Disruption theory's ultimate ironic success would be falsifying itself. Plus Newton, Popper and Darwin duke it out. | The Innovation Economy | Scoop.it
One angle of attack on Clayton Christensen's disruption theory is that it's often stretched beyond it's range of applicability, to the point of becoming unfalsifiable. For example, Benedict Evans t...
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Wall street, businesses and even developers feel the seductive allure of monopoly without consequences.

Wall street, businesses and even developers feel the seductive allure of monopoly without consequences. | The Innovation Economy | Scoop.it
Everyone loves a sure thing. And for Wall Street a sure thing is a monopoly. I've written about this before, e.g., The stock market blindly lusts after exploitative monopolies. But the siren call o...
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The Emerging Landscape Of API Orchestration Platforms

The Emerging Landscape Of API Orchestration Platforms | The Innovation Economy | Scoop.it
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Dancing with Robots: Human Skills for Computerized Work

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What Is Big Data? - datascience@berkeley

What Is Big Data? - datascience@berkeley | The Innovation Economy | Scoop.it
What is Big Data? To settle the question once and for all, we asked 40+ thought leaders in publishing, fashion, food, automobiles, medicine, marketing and every industry in between how exactly they would define the phrase “Big Data.” Their answers might surprise you!
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iPhone 6 and Android value

iPhone 6 and Android value | The Innovation Economy | Scoop.it
The new iPhones were much the most predictable part of Apple's event -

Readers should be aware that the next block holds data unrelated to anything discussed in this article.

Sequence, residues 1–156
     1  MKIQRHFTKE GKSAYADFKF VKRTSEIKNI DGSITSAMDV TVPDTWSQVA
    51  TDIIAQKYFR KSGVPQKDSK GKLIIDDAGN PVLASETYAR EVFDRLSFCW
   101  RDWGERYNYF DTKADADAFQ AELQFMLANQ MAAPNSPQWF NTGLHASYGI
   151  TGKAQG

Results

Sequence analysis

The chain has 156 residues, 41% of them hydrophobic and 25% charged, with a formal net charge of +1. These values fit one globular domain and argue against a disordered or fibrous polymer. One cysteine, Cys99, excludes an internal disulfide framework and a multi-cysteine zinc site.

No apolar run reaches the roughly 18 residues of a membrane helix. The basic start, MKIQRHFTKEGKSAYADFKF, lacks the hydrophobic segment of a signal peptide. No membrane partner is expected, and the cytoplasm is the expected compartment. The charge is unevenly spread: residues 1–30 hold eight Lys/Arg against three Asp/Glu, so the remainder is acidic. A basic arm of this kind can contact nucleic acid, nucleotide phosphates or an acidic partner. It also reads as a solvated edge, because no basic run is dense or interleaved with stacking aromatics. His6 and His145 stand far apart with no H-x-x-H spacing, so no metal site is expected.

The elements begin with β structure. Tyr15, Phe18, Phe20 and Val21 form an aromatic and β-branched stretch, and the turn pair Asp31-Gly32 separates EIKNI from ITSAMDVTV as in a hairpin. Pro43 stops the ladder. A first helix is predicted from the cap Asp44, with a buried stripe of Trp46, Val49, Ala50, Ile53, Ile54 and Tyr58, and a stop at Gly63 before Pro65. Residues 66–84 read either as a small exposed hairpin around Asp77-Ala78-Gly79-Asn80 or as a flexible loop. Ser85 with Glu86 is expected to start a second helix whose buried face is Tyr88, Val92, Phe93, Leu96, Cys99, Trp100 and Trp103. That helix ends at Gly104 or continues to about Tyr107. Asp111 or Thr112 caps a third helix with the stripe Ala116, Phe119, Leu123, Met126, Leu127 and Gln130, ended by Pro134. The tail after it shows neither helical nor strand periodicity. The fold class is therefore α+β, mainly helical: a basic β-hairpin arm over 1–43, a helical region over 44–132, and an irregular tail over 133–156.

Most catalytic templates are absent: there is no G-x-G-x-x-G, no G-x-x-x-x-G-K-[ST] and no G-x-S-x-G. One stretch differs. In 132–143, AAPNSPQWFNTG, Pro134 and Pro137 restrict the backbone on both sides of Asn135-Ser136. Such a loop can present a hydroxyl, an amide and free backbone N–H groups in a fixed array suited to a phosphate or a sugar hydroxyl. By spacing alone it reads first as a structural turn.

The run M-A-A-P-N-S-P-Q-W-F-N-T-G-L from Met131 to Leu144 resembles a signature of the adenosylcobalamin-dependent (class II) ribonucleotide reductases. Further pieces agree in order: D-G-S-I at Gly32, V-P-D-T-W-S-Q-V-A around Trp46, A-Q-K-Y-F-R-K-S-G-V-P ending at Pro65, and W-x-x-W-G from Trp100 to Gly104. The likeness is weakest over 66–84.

widely leaked and impelled by an irresistible logic - the customer is
always right. For all that Apple thought and argued that you should
optimize for the thumb size, it turns out optimizing for the pocket size is
a better metric. *

(Of course, this isn't the first time - Steve Jobs famously said that
no-one would watch video on an iPod, and that small tablets should come
with sandpaper for your fingers).

Meanwhile, Apple did not, as I and others have argued it now could, make
any real change to its pricing strategy. We still have a new model at $600
or so (plus another that's even more expensive) and older models at $100
and $200 cheaper, together with a (very) large secondary market act to
address some of the top of the mid-range, but no more. 

Instead, these phones are a direct move against premium Android. 

Apple currently has about 10% of global handset unit sales, at an ASP of
$550-600, and Android has another 50% at an ASP of $250-300 (almost all the
rest are feature phones, now also converting fast to Android at well under
$100). But within that Android there is a lucrative segment of high-end
phones that sells at roughly the same price and in roughly the same numbers
as the iPhone. To put this another way, Apple has 10% of the handset market
but half of the high-end, and Android has the other half of the high end. 

That Android high-end is dominated by Samsung, and by screens with larger
screens than previous iPhones. Until now.

How much of an impact will these new iPhones have on that segment? There
are a bunch of reasons why someone would buy a high-end Android rather than
an iPhone: